Rock of Cashel - Legend associates the Rock of Cashel with St. Patrick, but the name comes from Caiseal, meaning "stone fort". There is some evidence of burials and church buildings from the 9th or 10th century, but it was in the early 12th century that the Rock began to be developed into a major Christian center.
The Chapel, named after Cormac Mac Cárthaigh, the king of South Munster who commissioned it, is one of the earliest and best-preserved examples of early Irish Romanesque architecture. Consecrated in 1134, the exterior and chancel of the Chapel are decorated with round arches and chevron designs, and its steeply pitched roof is typical of the 12th Century Irish style. The sandstone Chapel is heavily decorated with carvings and its choir was, originally, covered from floor to ceiling with costly frescoes. Fragments of these can still be seen today. The arch leading to the choir was also decorated with a series of mysterious carved heads.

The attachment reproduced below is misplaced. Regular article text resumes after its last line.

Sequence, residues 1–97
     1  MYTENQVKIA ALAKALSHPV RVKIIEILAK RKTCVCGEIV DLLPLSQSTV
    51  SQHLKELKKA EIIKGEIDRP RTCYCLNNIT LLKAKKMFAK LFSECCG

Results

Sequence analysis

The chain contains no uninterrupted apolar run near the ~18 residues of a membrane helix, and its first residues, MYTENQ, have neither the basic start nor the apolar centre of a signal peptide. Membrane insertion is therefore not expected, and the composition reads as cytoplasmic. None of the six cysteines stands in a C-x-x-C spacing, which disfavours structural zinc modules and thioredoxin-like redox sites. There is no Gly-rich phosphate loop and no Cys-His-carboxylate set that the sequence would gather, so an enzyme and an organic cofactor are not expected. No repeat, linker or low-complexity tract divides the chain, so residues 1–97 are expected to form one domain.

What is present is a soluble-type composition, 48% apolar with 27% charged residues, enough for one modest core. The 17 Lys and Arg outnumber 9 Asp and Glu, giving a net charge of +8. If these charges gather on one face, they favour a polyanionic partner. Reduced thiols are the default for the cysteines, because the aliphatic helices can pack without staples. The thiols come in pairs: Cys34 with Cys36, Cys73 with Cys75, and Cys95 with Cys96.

Hore Abbey on the grounds of the Rock of Cashel Hore Abbey (also Hoare Abbey, sometimes known as St.Mary's) is a ruined Cistercian monastery near the Rock of Cashel, County Tipperary, Republic of Ireland. 'Hore' is thought to derive from 'iubhair' – yew tree. The former Benedictine abbey at Hore was given to the Cistercians by Archbishop David MacCearbhaill (in 1270), who later entered the monastery. He endowed the Abbey generously with land, mills and other benefices previously belonging to the town. A story that is much cited by tour-guides is that he evicted the Benedictines after a dream that they were about to kill him. This is unlikely to be true and probably arises from the Archbishop's 'interference' with the commerce of the city of Cashel. His disfavour of the established orders in Cashel certainly caused local resentment. He was resented by some of the towns-people, being considered too much in favour of the Irish by the more Anglicised. This is evident in the objection by the thirty-eight local brewers to the levy of two flagons out of every brewing and in the murder of two monks who were visiting the town.